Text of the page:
Tino Sehgal: Honouring the Affect

21 February 2023

By Maxine Proctor

After two years of living almost exclusively behind screens, returning to the public sphere has been daunting and stress-inducing for many people. As someone who already deals with social anxiety, I felt incredibly nervous visiting the Remai Modern knowing that Tino Sehgal’s exhibition featured live art, as well as participatory components. Moving inconspicuously and aimlessly through a museum is not only my preferred method of viewing art, but the freedom of unencumbered exploration is perhaps the motivation behind my love of art more broadly. The thought of awkward conversations with strangers, or the pressure to perform without adequate notice, was terrifying. However, medical experts have noted that most people facing post-lockdown social anxiety are simply out of practice, so I took a deep breath and reframed this experience as much-needed exposure therapy. 

Tino Sehgal is an internationally celebrated artist whose ephemeral, live artworks have been executed in major cities around the world for over twenty years. Sehgal is known for his constructed situations that challenge the audience’s roles and expectations within museums, art galleries, and other public institutions. His works are famously undocumented and capturing the situations in any format is strictly prohibited. Sehgal believes that the traditional museum structure only offers audiences passive spectatorship, which is not only limiting but detrimental to the viewer’s perception of how artworks are produced and received. Through live encounters and unexpected situations, Sehgal aims to bring audiences and their personal experiences to the fore, encouraging visitors to interact with the artwork with more intention and humanity.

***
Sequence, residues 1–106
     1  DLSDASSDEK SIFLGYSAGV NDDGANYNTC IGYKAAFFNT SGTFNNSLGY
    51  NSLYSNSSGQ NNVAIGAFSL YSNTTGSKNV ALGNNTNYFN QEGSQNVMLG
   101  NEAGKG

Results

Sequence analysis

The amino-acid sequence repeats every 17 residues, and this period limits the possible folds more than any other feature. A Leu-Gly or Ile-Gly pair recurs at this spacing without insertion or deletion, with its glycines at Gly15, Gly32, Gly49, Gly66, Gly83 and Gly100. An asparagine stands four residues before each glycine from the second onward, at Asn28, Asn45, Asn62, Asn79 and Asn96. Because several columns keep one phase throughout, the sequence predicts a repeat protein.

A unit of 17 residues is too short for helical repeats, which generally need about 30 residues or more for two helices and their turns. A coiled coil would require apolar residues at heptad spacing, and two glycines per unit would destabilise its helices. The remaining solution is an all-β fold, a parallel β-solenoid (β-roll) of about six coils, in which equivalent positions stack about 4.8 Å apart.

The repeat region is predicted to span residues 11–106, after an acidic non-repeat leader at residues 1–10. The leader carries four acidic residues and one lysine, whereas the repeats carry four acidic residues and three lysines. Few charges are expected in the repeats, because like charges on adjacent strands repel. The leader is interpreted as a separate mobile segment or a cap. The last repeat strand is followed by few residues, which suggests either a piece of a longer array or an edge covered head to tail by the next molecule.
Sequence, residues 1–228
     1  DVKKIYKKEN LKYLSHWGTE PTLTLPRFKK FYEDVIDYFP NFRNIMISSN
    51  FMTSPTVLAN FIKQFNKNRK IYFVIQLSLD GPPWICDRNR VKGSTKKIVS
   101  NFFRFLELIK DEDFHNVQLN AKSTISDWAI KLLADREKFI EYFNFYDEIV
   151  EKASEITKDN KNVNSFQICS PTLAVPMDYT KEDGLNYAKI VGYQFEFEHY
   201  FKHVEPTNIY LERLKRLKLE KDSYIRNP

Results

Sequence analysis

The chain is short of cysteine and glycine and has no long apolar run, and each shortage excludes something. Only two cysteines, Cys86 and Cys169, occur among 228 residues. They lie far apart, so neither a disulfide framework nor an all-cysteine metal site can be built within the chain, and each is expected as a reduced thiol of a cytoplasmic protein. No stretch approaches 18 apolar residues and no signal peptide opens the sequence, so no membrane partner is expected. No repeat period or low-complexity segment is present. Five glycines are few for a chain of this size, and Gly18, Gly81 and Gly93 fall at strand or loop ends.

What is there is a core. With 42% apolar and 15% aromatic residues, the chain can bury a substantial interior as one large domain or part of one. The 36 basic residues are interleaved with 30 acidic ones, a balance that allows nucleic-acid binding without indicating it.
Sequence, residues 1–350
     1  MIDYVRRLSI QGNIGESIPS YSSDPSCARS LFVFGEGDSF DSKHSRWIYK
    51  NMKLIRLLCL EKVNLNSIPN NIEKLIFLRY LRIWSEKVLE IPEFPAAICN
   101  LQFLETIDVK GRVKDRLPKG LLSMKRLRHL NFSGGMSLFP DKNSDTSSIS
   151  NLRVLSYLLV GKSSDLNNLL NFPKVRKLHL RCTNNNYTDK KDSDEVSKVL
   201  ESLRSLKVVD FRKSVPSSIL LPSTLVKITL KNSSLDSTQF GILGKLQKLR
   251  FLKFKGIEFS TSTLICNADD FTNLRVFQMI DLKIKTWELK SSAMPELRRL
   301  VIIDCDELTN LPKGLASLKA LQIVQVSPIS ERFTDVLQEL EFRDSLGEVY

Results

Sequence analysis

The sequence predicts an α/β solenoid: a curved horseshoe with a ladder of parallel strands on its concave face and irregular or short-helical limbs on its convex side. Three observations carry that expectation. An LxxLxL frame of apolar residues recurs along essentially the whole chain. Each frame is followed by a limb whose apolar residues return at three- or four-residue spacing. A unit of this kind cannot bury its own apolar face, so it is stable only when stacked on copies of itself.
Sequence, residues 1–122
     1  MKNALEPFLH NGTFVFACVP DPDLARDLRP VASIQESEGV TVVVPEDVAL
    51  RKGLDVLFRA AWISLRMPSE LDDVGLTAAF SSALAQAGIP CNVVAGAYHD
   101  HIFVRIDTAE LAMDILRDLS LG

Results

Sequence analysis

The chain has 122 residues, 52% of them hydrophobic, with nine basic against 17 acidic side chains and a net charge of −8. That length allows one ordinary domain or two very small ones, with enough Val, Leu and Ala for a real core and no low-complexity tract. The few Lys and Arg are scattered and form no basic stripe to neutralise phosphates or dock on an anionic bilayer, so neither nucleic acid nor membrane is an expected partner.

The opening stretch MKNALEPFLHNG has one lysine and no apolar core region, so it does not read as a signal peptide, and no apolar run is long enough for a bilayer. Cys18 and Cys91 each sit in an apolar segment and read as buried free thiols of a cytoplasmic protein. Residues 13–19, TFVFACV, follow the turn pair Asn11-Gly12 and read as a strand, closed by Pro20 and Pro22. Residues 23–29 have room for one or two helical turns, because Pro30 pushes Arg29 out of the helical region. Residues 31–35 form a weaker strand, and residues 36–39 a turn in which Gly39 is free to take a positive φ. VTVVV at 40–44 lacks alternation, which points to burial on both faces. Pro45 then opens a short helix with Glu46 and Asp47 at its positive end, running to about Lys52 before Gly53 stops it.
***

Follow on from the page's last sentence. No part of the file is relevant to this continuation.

As I entered the Remai Modern, I was hyper-aware of the other bodies moving around the space, unsure of the distinction between audience members and players in the exhibition. It surprised me how different I felt in the museum space, anxiously wondering if or when I would be invited into a situation. To mitigate the exhibition’s carbon footprint and provide economic opportunities to the community, Sehgal employs local residents to enact his work. This procedure also reinforces a veneer of familiarity. Incorporating locals ensures that each situation is reflective of the community in which it is exhibited and more easily integrates the museum’s visitorship. 

The three works presented at the Remai Modern, Yet untitled (2013), This Situation (solo) (2007), and This Success/This Failure (2007), showcase the breadth of Sehgal’s practice and capacity to suspend the museum’s customary viewing experience in favour of immersive and often participatory situations. In lieu of the large vinyl signage and didactic brochures that regularly welcome visitors to the museum, the exhibition opens instead with a parade of modern sculptures, chosen by Sehgal from Remai’s collection, that gently lead visitors into and around the main floor gallery space. The sculptures are anthropomorphous in nature, and are constructed from organic materials such as soapstone, limestone, and marble. Each object embodies a duality: predator and prey, human and animal, mother and child, mirroring the performative exchange between the dancers at the center of the gallery. The path of sculptures, each placed on pedestals of varying heights, wraps around the entangled bodies performing Yet untitled. The small group of two or three dancers, depending on when you visit the gallery, weave voice and body in a harmonious display of human unification. 

Ten local dancers were trained by Sehgal’s team to enact the work, which requires intense concentration and endurance. Mid-way through the exhibition’s run, dancer Tatum Wildeman reflected on the experience for Remai’s Instagram: “For me, the beauty of this project is hearing another create sound while I simultaneously create movement in the moment. The exchange provides an unexpected interconnectedness between myself and the other interpreters. This unique combination of sound and movement between two interpreters creates the space to sink into a meditative state.”1 Throughout the performance, one dancer seems to be leading a call and response while the other performers interpret and navigate the flow, the prolonged passing of reverberations felt reminiscent of spiritual chanting or free jazz.